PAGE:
Altoona Mirror from Altoona, Pennsylvania on May 29, 1930 · Page 1
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Altoona Mirror from Altoona, Pennsylvania · Page 1

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Thursday, May 29, 1930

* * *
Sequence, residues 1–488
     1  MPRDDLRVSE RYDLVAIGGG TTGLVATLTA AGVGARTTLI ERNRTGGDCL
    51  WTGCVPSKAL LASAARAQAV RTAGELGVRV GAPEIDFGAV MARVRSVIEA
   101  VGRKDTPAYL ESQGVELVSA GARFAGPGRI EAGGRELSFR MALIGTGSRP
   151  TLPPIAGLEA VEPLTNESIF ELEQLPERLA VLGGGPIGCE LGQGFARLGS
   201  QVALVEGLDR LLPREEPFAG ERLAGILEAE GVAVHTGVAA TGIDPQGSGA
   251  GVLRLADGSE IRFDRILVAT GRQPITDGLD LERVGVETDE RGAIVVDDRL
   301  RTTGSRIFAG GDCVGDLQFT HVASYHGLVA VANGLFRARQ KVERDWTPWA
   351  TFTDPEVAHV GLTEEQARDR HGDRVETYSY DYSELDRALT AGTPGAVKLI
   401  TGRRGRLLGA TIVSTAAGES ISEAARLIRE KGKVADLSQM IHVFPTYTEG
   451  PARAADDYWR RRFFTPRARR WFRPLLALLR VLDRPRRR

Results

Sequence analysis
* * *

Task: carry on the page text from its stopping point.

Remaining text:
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*£3i S*t£" iT** ''"'nEpB:!: Jr^J*-. * f 1 t rfS^i&W* "~ $jf f ,F j T 8ifrV*'"iffS| ' '"^'^Si^Bi^MI ;•, **/ < f '• ' v^^'Sip^ ' .IfT''^!^.^?^ ^Jfe $ ' IL * win Hereto ffe*i df , PA., ftttmsfiAY EVEMIN^ MAY 29, L n NS : PERFfiCfED MMORlilL DAY 'Appropriate Ceremonies, for - Most Part. Preceded by Pa- rarfes. Arranged In City and of County. HM J. HABERSTROH SPEAKER IN ALTOONA ^ ^ ^ Veterans' Organizations Have Vied Together to^See That Dtt« Honor Is Given to Soldier Dead. . !<*,'> t> MEMORIAL DAY IN CITY WBATHKR Mostly cloudy and cool, but not likely to rain. 1'ARADE ROUTE • Seventh avenue and Eighth -street to first avenue, to Tenth street, to Oak Ridge cemetery, where « halt of five minutes will be made to hold brief exercises. From Oak Kldire-' cemetery to Seventh avenue, to Seventh street, to Chestnut avenue, to Ninth street, to Willow avenue, to FalrvMw cemetery, where the exercises of the day will be held. The Memorial day address in this city will be-delivered tomorrow morn- Ing by Attorney John J. Haberstroh at the Veterans' circle In Fairvlew cemetery. Members of posts Nos. 62 and 468, G. A. R., will join in the consecration services of a marker as part of the ceremonies .at the cemetery. S. C. Wilson, commander of post No. 468, will be the dedication speaker. Dr. I. P. Patch will read General John A. Logan's order for'the first Memorial day and Lincoln's Gettysburg address will be delivered by Comrade H. V. Carls. S. F. Fowler will call tho roll of the honored dead while muffled drums beat and the Rev. Burleigh A. Pelers, paslor of Grace Lulheran church, will offer prayer. The ceremonies will conclude wilh Ihe tiring of salutes over soldiers' graves and taps. The Memorial day parade, which forms at 'Seventh avenue and Eighth street, will first visit Oak Ridge cemetery where brief services will be held following which it will follow the route outlined and.proceed to Fairview cemetery where the formal ceremonies will be conducted, beginning at about 10*30 o'clock. .Salutes(will be tired at Fairvlew. Oak Ridge, St. John's and St. Mary's cemeteries by picked members of company G, 110th infantry regiment. Many to 1'artlelpate. Marshal J. Harry Shearer has plan- "ned to-have many organizations par- licipalo in the parade and .the , acceptance of the privilege of joining In Ihe procession has been general from all'milllary and auxiliary bodies ana from olher patriotic ..and fraternal organizations. In every cemetery in and about the city formal ceremonies will be hem, either by organized groups or by detail from the regular parade. The city will bo closed all day insofar as business is concerned. Merchants will c'lomi their shops; the Pennsylvania railroad works will be closed as neur- Iv as possible and all manufacturing plants will observe the day. City hall will be closed, except police stalion, and stale and counly offices localed ' wllhln Ihe city will nol be open. Usual holiday hours will be observed al the poslofflce. There will be no reguar mall deliveries by carrier, al- Ihough there will be special delivery anfl collections of mail made from boxes in the business section at 8 a. m. and .8 p. m. while there will be a general collection at 2 p. in. Flags and markers, provided by the county as well as many privately given, will be placed about Ihe cenio- teriea and flowers will be lavishly placed upon Ihe graves ,of Ihe heroes. Peace-time heroes will be eulogized and honored al special ceremonies to be held during Hie afternoon. All Veterans to March. In connection wilh tho parade hero during Ihe morning, all comrades of the Spanish-American war, whether members of the United Spanish-American War -Veterans or not, have been lU'&fd to assemble nt the Memorial ' home, ISO! Seventeenth alreet, al 8 o'clock, lo lino up for participation in the parade. Orders have been issued . by Adjutant D. S. Burr of Admiral George Dewey camp, No. 86. The observance of Memorial day will be observed in every community of the county. At Hollldaysburg a parade will slarl at 9 o'clock al Newry and Wall slreets, marshaled by Samuel Calvin. The parade will go over tha usual route there and wind up at tha Central High school building where the address of Ihe day will be delivered by Rev. J. B. Slrine, pastor of the Chure-h of God. Delails will visil Ihe cemeteries of the town und community. Uev. Viclor Steinberg will be the speaker al MarUnsburg. Services will oe held In Ihe''pavilion al Memorial park al 10 o'clock. Children of Ihe community will furnish Ihe llowers lor the decoration of Iho veterans' graves in the several cemeteries. The newly formed Miirtinsburg band will I'tir- liiMh music for Iho morning ceremonies; there will be baseball in the afternoon and nil orchestra will dis- (Coiitinued on Page 13) Index to Today's News Page 'i —Coal producers would cul price*. Page 3—This and Thai. Pajfe 4—Conlinued story, "The Ragged Princess." Page 6—Sociely, church and fraternal news. Pago 7—Crossword puzzle. Page tt—Editorial, Timely Topics, The Saunterer, elc. Page 12—Business, market and a- uancial news. Pago 16—South American lour described. . Page 16 and 17—Spurts. Papes IS and m-Oorre.-.|jdudeuce. I •• • 'JO HID) -M i'i""Mit'''il. rase-2i-"0iu out NO MIRROR FRIDAY. Hi McOftfHnce wftfc Its Animal cui* torn, ihe AWoonit JMIrrof will not be published on Memorinl Hay, Friday, thus nffflWflnt employes the full day to join In the observance of the holiday occasion. • v / ROAD REMAINS OPKN. Cressoh Highway Will Be Available for Traffic Over Memorial Day. Because of numerous complaints the Cresson mountain section of the William Penn highway will be kapt open and available for traffic over Memorial day, possibly until Monday, before the concrete work Will be resumed on the thoroughfare. The operations will 6e rushed as rapidly as possible and It Is anticipated that' it will not' be necessary to keep the highway closed as long as previously Indicated and that by mid-summer it will be completed and the detours eliminated, \ CLOYD W. KERLIN lARKJJRTHQAY Recalls That Temperature of Forty-six Years Ago Today Was/ Low Enough to Freeze Half-inch Ice. Cloyd W. Kerlln, better known to many persons as "Pop" Kerlln, is today celebrating his 72nd birthday at his home, 121G Fourth avenue, in. receiving congratulations from his many friends. While unable to get about as freely as several years ago he is Enjoying fairly good health and is still quite active. •• > Reminded of the weather of earlier birthday anniversaries by the cool air of the past several days, Mr. Kerlin recalls that on his 28th birthday, forty- six years ago, it was so cold that ice a half-inch thick was. frozen on a bucket of water standing on the side porch of his home, ^he date Is doubly impressed on his mind since the. funeral of his mother was held on that day. On the following day, Memorial -day, the old Altoona City band, under thb wat played in a parade of Knights Ternplar at Erie and because of the extreme cold could not wear their parade uniforms, using instead their fatigue suits with heavy military overcoats. Between selecllons Ihe baud members were forced to wrap their coats around their wind Instruments and keep breathing on the valves to prevent their freezing shut; The spectators wore'fur caps, ear lugs, and heavy overcoats and the styles worn by the ladies of that day, woolen hoods, fur\ muffs, fleece lined high boots and' heavy cloth dresses touching • the ground, proved the proper garments for the day, CIVIL WAR HEROES TO HAVE ADJOINING ORAVE8 WASHINGTON, D. C.. May 29.— Exactly sixty-eight years to the day from \tlie time when 'two British youngsters—Sidney Hebdon and Alfred Gulton—enlisted in the Union army, their bodies" were to bo laid to rest side by side today in the Arlington National cemetery. The two English "chums ran away from school, lured here by the opportunity for adventure In the Civil war. They wer6 placed in different' companies. Hebdon died, but Guiton survived. After the war was over, Gulton, unaware of his friend's death, searched for him in vain. In time he learned of Hebdon's fate, but was unable to find where he was burled. When Guiton died his wife carried on the ^search for Hebdon's burial place, but she .00 died without finding it. So it remained for the soldier's daughter—Lillian Guiton—to realize her father's ambition. In musty war department files an officer located for her a record of Sidney Hebdon's burial in grave No. 28 in the little cemetery at Culpepper, Va. So today—on the ev« of Memorial day—it Is planned to bury Hebdon with full military honors by the side of his boyhood friend and fellow adventurer in the Arlington National cemetery. GARBAGE WILL NOT BE COLLECTED TOMORROW Announcement was made today at the city highway department offices that there will be no garbage collections made tomorrow, Memorial day. TUe collectors will cover the route usually gone over on Friday on Saturday. Semi-weekly collection of garbage will be started by the department next week. With the increase of the volume of stuff at this season this plan is necessary and greatly appreciated by the householders. 1 FIRE COMPLETELY DEMOLISHES HOME Fire of undetermined origin brolte out curly this morning at the home of William Patterson, situated at about Twenty-seventh avenue and Twenty-second street, on the hill overlooking West Altoona, and completely destroyed the dwelling. Volunteer lire- men from West Altoona responded to tho call for assistance but as no water was available, only chemicals could be used which were of little avail against the blaze which had a good start. The blaze was discovered by a pedestrian passing along Washington avenue about 3 o'clock this morning and he sent in, the alarm to the West Altoona lire hall. Firemen responded quickly but were unable to do much as the whole house was a mass of (lames when tiiey arrived. , It was a small two-story frame dwelling, occupied only by Mr. Patterson and his housekeeper. The foundation alone was left standing and most of the furniture was destroyed in the blaze, only a very few articles being saved. Mr. Patterson's loss Is probably covered by insurance. The name.-: illuminated tlio sky for some time and the firemen were kept busy in pro' ••••.div. Hie lin: I' rum lo tiiu auiiounaiug brush.. START MOVEMENT FOR WORKHOUSE Commissioner Oorsuch Appointed as Representative on Commission for District Which Includes Blair. TEN COUNTIES WILL JOIN IN BIO PROJECT Jails Will Be Largely Eliminated Except, as Places for , Detention of Prisoners Until Trials. County Commissioner John C., Gorsuch has been appointed by Mrs. E. Grace McCauley, secretary of the state welfare deparlment, as the Blair county representative on the committee for the Eighth.district of the state under the provision of an act of assembly passed a year ago for the establishment of workhouses and Industrial farms throughout the state. The slkty-seven counties of the state have been divided Into ten districts. The Eight embraces Blair, Cambria, Bedford, Clearfleld, Indiana, Somerset, Fulton, Huntingdon and Mifflin counties, which are presumed to combine and acquire a site and build a workhouse. When the plan is carried out jails will be very largely eliminated, being utilized only for the detention of those who are awaiting trial or disposition of their cases. Mr. Gorsuch will meet the representatives from each of the other counties In the near future and they will formulate their plans. Under the provisions of the act the cities within the district may also Join in'the plan and share In the cost of establishing the workhouses. Advanced lleform Step. The passage of this act by the legislature and its approval by Governor Fisher was the most advanced step taken by the common'vealth in the way of orison reform for many years and it has long been advocated by those who have felt the need of better provision for the maintenance of prisoners, where they might be put to work and perhaps help in the maintenance of their dependents while serving time. At the first meeting of the commission from the ten counties consideration will be given to the question of a site and the cost. Under the law the site may be selected from suitable lands already held by any county of the district for county purposes, • or from lands donated or which may be purchased. In the selection of a site, there shall be taken into consideration the objects and purposes of. the institution; it shall be of varied topography, with natural resources and advantages for • (Continued on Page 13) SWIMMING POOL TO BE OPENED ON WEDNESDAY Because of tho continued cool weather,the Prospect swimming pool will not be opened tomorrow, as anticipated. Everything is now in readiness and Wednesday, June 4, has been fixed as the opening date, The park and recreation commission has decided that the city shall conduct the concessions this season and Charles B. Myers of 2118 Fifth avenue has been appointed to have charge of the store. The city will thus get whatever profits result from its operation. DOMINION STATUS SOUGHHTINDIA Federation of Chambers of Commerce and Industry Solicits Viceroy Lord Irwin to Support Moye. CLAIM IT IS ONLY WAY PEACE CAN BE RESTORED Declare There Is No Hope for Collapse of Gandhijs Independence Movement^—Dis* orders Are Less. By WEBB MILLER, • Staff Correspondent. BOMBAY, May 29.— The disofganiza- tioh of Indian business resulting from the independence campaign impelled the Federation of Indian Chambers of Commerce and Industry today to solicit Viceroy Lord Irwin for a promise of immediate dominion status. Only by granting dominion status, the federation of twenty-two important commercial organizations said, can peace be restored. There.is no hope, it said, for collapse of the movement inaugurated more than two months ago by Mahatma Gandhi. "Two courses are open," read the letter to Lord'Irwin. "They are either to rule by sheer force, or to conciliate." Dead Now Number 100. • Reports of disorders were limited today to Rangoon, Burma, where three days of communal rioting have brought the list of dead to at least 100, with another 900 Injured. The Rangoon rioting resulted from attempts to break a strike of dock workers there. Mulmein and Indian workers were imported to replace Burmese strikers who sought higher wages, and the latter engaged'ln fights with strike-breakers. The national congress committee here adopted a new line of attack when it dispatched twenty-seven volunteers to Sholapur to defy the martial law regulations of that city.by hoisting a congress flag. Sholapur was placed under martial law after rioting In the city forced evacuation of all European women and children. In addition, the congress proposed to renew the raids on the Wadala salt works and extend its defiance, of other British laws, against which no opposition has been shown heretofore. Kalds To Be Benewed. The raids on the Dharasana salt works, which have resulted in the arrest of three leaders of the campaign— Mahatma Gandhi, Abbas Tyabji,'and Mrs. Sarojini Naidu—also will be renewed. . . The , letter from the Federation of India, Chambers of Commerce and Industry included a plea to Invite Mahatma Grindhi to the round table conference .in London next fall. That, letter was backed up by representations from H. A. Laljee, president of the .Indian Merchants chamber, to Sir Frederick Sykes, governor of Bombay, asking the release of Gandhi. Gandhi ; should be consulted before the government's plans were-decided upon, Laljee said. OFFICES TO BE CLOSED. The Blair county courthouse offices, the state offices in the county and the outdoor relief office of the directors of the poor in the Central Trust company building, this city, will be closed all day tomorrow on account of its being a holiday. DRIVER HELD IN LAFFERTY DEATH Coroner's Jury Finds Leonard Vanderpool Operated Truck In Reckless Manner While Noticeably Intoxicated. Members of a coroner's jury investigating the death of Robert E. Latterly, aged 25, of 304 Lexington avenue, last Friday morning when a heavy truck was wrecked at the Twenty-ninth street bridge, held Leonard A. Vandeiv pool, aged 41, of 1804 Sixth avenue, responsible for the death In that he had operated the truck in a reckless manner while noticeably under the in- Huence of liquor. Tho inquest was held last evening- at the Stevens mortuary by Coroner Chester C. Rothrock, the jury being comprised of C. H. Paul, foreman; 1- L. Butch, C. R. Banks, A. B. Stuart, H. S. Lang and J. C. McGurvey. Testimony was given by Harry Filer of 211 Howard avenue, the third occupant of the truck, and Sergeant J. F. Caldwell of tho city police department. Filer stated that Vanderpool had been drinking and was not in proper condition to operate an automobile and that he and Latt'erty had a few drinks but were nol! intoxicated. He stated that lie warned Vanderpool several times that he was operating the truck at an unsafe rate of speed. He and Lafferty were with Vanderpool when lie removed the truck from the garage and the machine was driven to within a short distance of the Lafferty and Filer homes but that he and Lafferty had decided, because of Vanderpool's condition, to accompany him to where the machine was stored. Sergeant Caldwell testified that Laf(Continued on Page 13) FORTY-FIVE DIE WHEN FLAMES .DESTROY TRAIN MOSCOW. May 29.—Belated advices received today said forty-live persons were burned to death In a lire on a passenger train near Domodedovo. At least twenty-three others were seriously injured The accident occurred on May lli. It was said a passenger spilled methylated alcohol which was ignited by a discarded match. The passengot carriage, Which was crowded, burst , into Humes while tin- train was moving li'i.idly iv"r II 1 ." Domodedovo sta > uun, nut iur from THREE YOUNG MEN HELD FOR ROBBERY Two Woodbury Township Residents and One Altoonan Behind Bars for Alleged Thefts at General Store. Three individuals, youths around 20 years of age, are locked up at City hall awaiting further developments following their arrest yesterday by Detective W. A. Davis of this city on a charge of burglary and larceny preferred against the trio as a result of a series of alleged thefts at the general merchandise store of the Woodbury Clay company at Mines, near Royer, Woodbury township. Davis was assisted In rounding up the three young men by two members of the local unit of state police, Corporal William T. Hanna and Private Francis J. Hanley. Davis said today that they have confessions from each of the three arrested admitting burglaries at the store on a number of occasions. Loot alleged to have been stolen from the store is estimated at about $2,OUU and officers claim that the robberies have extended over a period of several years, a number of dates) being oil record as the time when the store was said to have been entered an considerable merchandise taken. Only about $50 worth of loot has been recovered to date, Davis said today. The names of the three defendants held are George Lower, Lloyd, alias Mike, Benner of near Mines and William Shollar, reputed to live at 1904 Sixth avenue, Altoona, .but who is represented as having recently occupied a house in tho neighborhood of the Woodbury Clay company store. H. lilmer Brown is proprietor of the store and he furnished officers with dates and lists of merchandise take.n of previous occasions. Detective Davis was called into this case some months ago and has made extensive investigation. As far as Davis could ascertain the store first was entered on or about Dec. 28, 1928. (Continued on Page 12) CI.OIJUV, BUT NO MAIN. PITTSBURGH, May 29.—Cloudy and cool weather Is predicted for western Pennsylvania I'or Memorial day, with the thermometer expected to touch 4C degrees or below. Temperatures will rise slightly during the day, according to the United States weathet hmvuii here. No rain is seen on 111 weather maps. Hoover to Honor Heroes at Gettysburg Symbolizing' the reunion of the North and South like the Confederate and .Union monuments that now stand on the historic battlefield, that wnrf tho turning point of the Civil War, President Hoover (Inset) chose Gettysburg for the Memorial day address. At the left Is the memorial erected to the Confederate dead by the state of North Carolina; right, the National'Soldiers' monument that stands on the exact spot where Lincoln made his famous Gettysburg address. TWO INJURED IN CRASHJN STREET Police Are Seeking Hit-and- run Motorist, Responsible for Accident on Union Avenue. City and state highway police officers are looking for a hit-and-run driver who ran against a car driven by Robert F. Mickel of near Duncansville at Union and Fifth avenues at 11.40 last night, injuring Mickel and Theodore Szuhaj, aged 17, of 5701 California avenue, who was with him. According to information obtained by the police officers who investigated the accident, Mickel was driving south on Union avenue and at Fifth avenue a driver traveling north ran past a stop sign and crashed against MickePs car, .throwing it over on the sidewalk and against a confectionery at that point. ' - ,, Mickel, Szuhaj and another parson we're thrown but of the car, while tho driver of the other machine backed his car sufficiently to clear the wreck of the Mickel car and then drove away. The license number, 3X159, was secured, but it has been necessary to communicate with the department at Harrisburg to ascertain to whom it was -issued. Mickel, who is aged 17, and his companion were given treatment at the Mercy hospital. Their injuries were of a slight character, Mickel receiving slight cuts on the head and hands and Szuhaj received .a bruise of the right leg, to which a bandage v/as applied. AUTOMOBILES NEEDED TO CONVEY VETERANS J. Emory Shute, chairman or the automobile committee working in harmony with the Memorial day celebration committee, desires tho use of cars for the conveying of veterans of ^the G. A. R. and disabled veterans of 'the Spanish-America and World war, as well as members of the auxiliaries, unable to make the line of parade on foot. A number have already placed cars at the disposal of the committee, but more are needed. Mr. Shute asks that all who will give the use of their cars be at the G. A. R. home on Chestnut avenue at S.30 o'clock tomorrow morning with their cars, and they will be assigned to duty. Those who have already offered cars are: Mr. Shute, two; Dominick and. Joseph Ventre, each one; the Penh Central Light & Power company, ten; Charles Malloy, one; Meyer Abelson, one; the Hudson-Essex company, two,' and the Penn Motors company, two. BOTTLE TOP REMOVED. A metal bottle top was removed from the right nostril of Kenneth Wise, aged 4, of Duncansville, In the Mercy hospital dispensary. The child pushed the top up his nose while playing at his home and efforts on the part of his parents to remove the article were unavailing. THREE KILLED ON ERRAND OF MERCY (By United Press.) BELLE FOURCHE, S. D.. May 29. A physician, a nurse and the pilot of an airplane, that was making a raua, against dealh, were reported today have met deatli themselves when the plane crashed near the lillle prairie town of Piniele, Mont. Dr. A. S. Sheriff received an emergency call lasl night from a patient ut Piniele, eighty mi^ea from here, and immediately chartered a plane. Pinielle is- not on a railroad and highways were impassable. i With Roberl Crawford al Ihe controls and accompanied by a Miss Lindstrom, a nurse whom he hastily had engaged, Ihe doctor look off in the dark for Ihe Montana village. Several hours laler reports received here al Ihe air lines offices said Ihe plane was caught in a gale and crash cd. The pilot and his passengers were underslood to have been killed. U10ATHKU lOKlOCAST. WASHINGTON, D. C., May 29.— Western Pennsylvania—Mostly cloudy and continued cool tonight, and Friday. Eastern Pennsylvania—Mostly cloudy and continued cool lonight and Friday; moderate north west or norlh winds. ARRIVE AT AGREEMENT ON FLEXIBLE TARIFF CLAUSE (By United Press.) WASHINGTON, D. C., May 29.— Most of the proposed .tariff commission reforms were abandoned today by house and senate conferees, whp reached an agreement upon the disputed flexible provision of the pending Smoot-Hawley tariff bill. In their agreement, the conferees returned basically to the existing law which permits the tariff commission to adjust rates upward or downward by 50 per cent - with presidential- approval. • i The new arrangement is said to be even more acceptable to President Hoover than the old compromise reform proposal, nipped by Vice President Curtis in a senate ruling Tuesday. The latest draft of the provision is understood to have been sent to the White House late last night when it received private presidential endorsement. v Elated at the swift agreement, Chairman Smoot of the senate conferees announced he wbud return hltf battered bill to the senate floor later in the day to renew the drive for its enactment. Thus the Democrats lose by the flurry which they started Tuesday when Senator Barkley, Democrat, Kentucky, lodged a point of order that the conferees exceeded their authority in writing the flexible compromise. They sought to restrict the power of the president and the tariff commission, but the latest agreement give both the same power as in existing law. Under the original compromise, the tariff commission would fix a rate adjustment and send their recommendation to the White House. The president would b'e required to affirm or veto It within sixty days and, if he took no action within seventy days, the recommendation of the commission became law. Now the time limit would be eliminated. The rate recommendation of the tariff commission may be subjected to a pocket veto of the president if he chooses. He may endorse the commission rate or reject it, or file it and forget about it. It was this time limit which the Democrats sought 'since President Coolidge used the old law to pigeonhole recommendations of the tarifl commission on several occasions, once when the ''commission recommended a reduction in the sugar schedule. The Democrats lost also when the conferees eliminated. today the clause authorizing yearly rotation /of the (pontinued on Page \V NINETEEN HURT AS CAR JUMPS TRACK Six Women and Man In Hospital as Result of Crash When Car Runs Into Open Switch on Curve. (By United Press.)PITTSBURGH, May 29.—Six women and a man were in hospitals and twelve others were being treated at their homes as a result of Injuries received when-a Mt. Lebanon street car jumped the track and crashed into a pole near Brookline Junction early today. None of the injured was reported in a critical condition. The accident was caused, according to Pittsburgh Railway company officials, by ^.n open switch, because of a previous derailment cars had been rerouted. The motorman of the trolley which preceded the wrecked car had failed to close the switch, officials said. Those injured are suffering mainly from shock, severe bruises, and cuts, physicians reported. A. J. Hogan, aged 28, motorman, said he did not see the open switch until it was too late. "I jammed on the emergency brake 'and the car slid about sixty feet," Hogan said. "Then it jumped from the rails and went sixty feet more, crashing into a telephone pole." Hogan said he could not get the center doors of the car open so ho helped the passengers out the front door. "It was awful to hear the passengers in the car screaming and moaning." Carl McGuIre, aged 21, one of those in a hospital today, said the car was (Continued on Page 13) LONE BANDIT GETS CASH ANJHEWELRY Daring Youth Robs Passengers of The Chief, Crack Santa Pe Train, Just After Leaving Los Angeles. (By United Press.) LOS ANGELES, May 29.—Three passengers aboard the crack Santa Fe passenger train, "The' Chief," were robbed early' today, by a lone bandit, of approximately $11,075 in cash and jewels shortly after the train left here for the east. The greatest losses were Incurred by Marion Nixon, film actress, and her husband. Edward Hillman, wealthy Chicagoan. Miss Nixon lost jewelry valued at $10,500 and her husband lost $400. The third victim, Frank Lehman. Detroit, surrendered $175. The robbery was daringly executed and railroad detectives said it apparently had been planned' in advance as the bandit's activities conformed precisely with the train's schedule which enabled him to escape as the train slowed down at Mission tower, just outside the city limits. The Chief, bound for Chicago, numbered among its passengers many prominent film stars and business executives. "•-•. The bandit apparently had hidden in a vacant compartment until after the train pulled out, when he entered the section occupied by Mr. and- Mrs. Edward Hillman of Los Angeles and took from Mrs. Hillman, the former Marion Nixon, jewelry valued at $10,500 and $400 from her husband. He (Continued on Page 13) VETERANS' GREA1U Swift-morlflf Year* ing With More Certainty Than AS of Civil War. ,fci MIRE HANDFUL OP STILL AMONG THE President Hoover to 1 Address Tomorrow Memorial Tribute WiB Paid at Gettysburg, By ROBERT C. 8raff Correspondent. WASHINGTON, D. C., May 29. swift-moving years—killing with dreadful certainty than all of tfte war battles—have thinned the of blue-clad Union veterans to a handful of 50,749, pensions bureari ords disclosed today as the nation pared to honor the heroes Of Since last Memorial day, death claimed 8.317 of the army of "Unionists" who fought their Appomatox sixty-six years aga. And the same twelve months, cording to Oscar J. Randal], chief the bureau's finance division, c" the last survivor of the Mexican He was Owen Thomas Edgar, died at the John Dixon home here September. Will Be 25 Tears. If history repeats itself a quarter, a century will have passed I death overtakes the last Civil veteran, pension bureau officials cast. They believe the twentieth ceBIIUQ will be drawing to a close before" if' last widow of a Union soldier wilt fi&i died. For, strange though it may a nine widows of soldiers of the of 1812 are still drawing govi pensions, although the war ended 114 years. 'Of the Union women who vri leered as nurses during the Civil caring for wounded at hospitals, and battle front, the pension show that only thirty are now; Monthly, each receives a $50 from the government. - , *^j Two Generals Living. Only two Union generals are alive. They are Brigadier General Warren Kiefer, aged 93, of field, O., and Major General Ames, aged 94, of Lowell, Mas?. Kiefer, commissioned a brigadier ter he was wounded in the battle^ the Wilderness, never saw actual ice as a general. Ames, who last week und serious oper&tton in a Best was reconaSSftjtioil', sissippi. Both also" in the Spanish-American, war. The bureau has never scan records to discover the oldest Civil survivor. A candidate is John L. ner, Fairmont, W. Va., now more- 102. * President to Speak. WASHINGTON, D. C., May Presidenl Hoover will go to burg tomorrow to speak at a M day. gathering on the Civil "war ground where Abraham Lincoln -i livered his famous address. These peaceful times will not Mr. Hoover the opportunity to a classic of forensic history an coin did when he spoke bis words three score and seven ago. But no president since that cation has journed to Gettysburg :WJI out pondering over that great and surely it will be in the n all who listen to Mr. Hoover. The president has abandoned 'J idea of going to Gettysburg by cial train, and will motor to the tleneld. He will have luncheon.: ably at the Maryland fishing Lawrence Richey, his executive tary, and will arrive at the bat* in ample time for his 2 p. nv.f pearance. Delayed by Tariff. The tariff situation baa pre? Mr. Hoover from making definite j_, for i the week-end. He had intenjtedfjj motor furlher into Pennsylvania" fishing preserve of Jay Cooke of delphia, grandson of the famous : cler, but he is keeping closely in i with the tariff bill conference, the conferees have not patched'; the flexible revision clause to his I faclion, he probably will return "**! Washington after th^e speech or guide developments. If the president decides not to ,j to the Cooke lodge, located liamsport, he may drive down, tQ-ti Rapidan fishing camp, which la i Washington and better equipped;' keep him in touch with the alt here. «"* SHALL UNITED STATES SENATOR LEAD OR FOLLOW CONSTITUENCY? Uy UAVII) l.A\VHENCE tCopyrlslit, 1B30, by Altoona Mirror.) WASHINGTON, D. C.. May 29.— Shall a senalor lead or follow his con- sliluency? Wilhin the lasl twenty-four hours Senator Jones of Washinglon, Republican, and Senator Walsh of Montana, Democral, have announced that if Ihe people of their respective slales vple by referendum for repeal of modification of Ihe eighleenlh amendment, they will obey the man- dale. This is Ihe- raosl significant progress Ihe prohibition issue has made as yet in the congressional campaign, which is already under way, and provides a convenient slrategy fov all Republican or Democratic candidates who Ihem- selves may be dry bul who face- wet, constituencies. Thus, for example. Represeutalivc Ruth Hanna McCofwick, Republku.ii nominee for the United Stales senate from Illinois, is personally dry and believes in prohibition, bul probably she will be inclined to accepl the referendum method, arguing that prohibition is nol a parly question. The fact that Senator Jones, an outstanding dry, author of the "nve-and-len" law, recorded himself publicly as being willing lo abide by a referendum, will give Ihe other Republican drys much encouragement, though the leaders of the dry cause outside of congress are somewhal uneasy over such tactics, believing il affords loo much aid and comfort to Ihe wel enemy. Elections, however, are only a few months off and some of these same dry senators face all kinds of complications from Ihree-cornered primary contests t.o bailies with independent wets or Democratic wels in Ihe final contest. Whatever one may believe on tut uu Page PRISONER PACES DEAtJ* & FOR MUEDEE OF DEPT PHOENIX. Ariz.. May 29—Tn« 1 of Vernon Ackerman, alias Joe We alleged companion of Irene on a charge of murder hi with Ihe killing of Deputy Sheriff! Wright, was resumed today in suji court. Eight wilnesses have been called;Ihe slate in ils attempt to Ackerman. Wright was slain lR gun battle which resulted in the lure of Ackerman, Mrs. Sehroeder I Glenn Dague. Ihe state contend^. Questioning of prospective jll seemed lo indicate the state seek the death penally for Acke Mrs. Sehroeder and Dague were deinned lo death by a jury In sylvania for Ihe murder of Brady Paul of Ihe highway pafc are now awaiting decision on a for a new trial. CONGEESS TODAY. tBy United Proa.) Senate. Considers president's veto o| i war pension bill Naval affairs committee CQ _ hearings on London naval treaty. J/| Tukes up bills repotted; by affairs committee. Banking and currency continues Hearing oa hrtattt Naval .uTaira committeft Oil fu.':Ui<,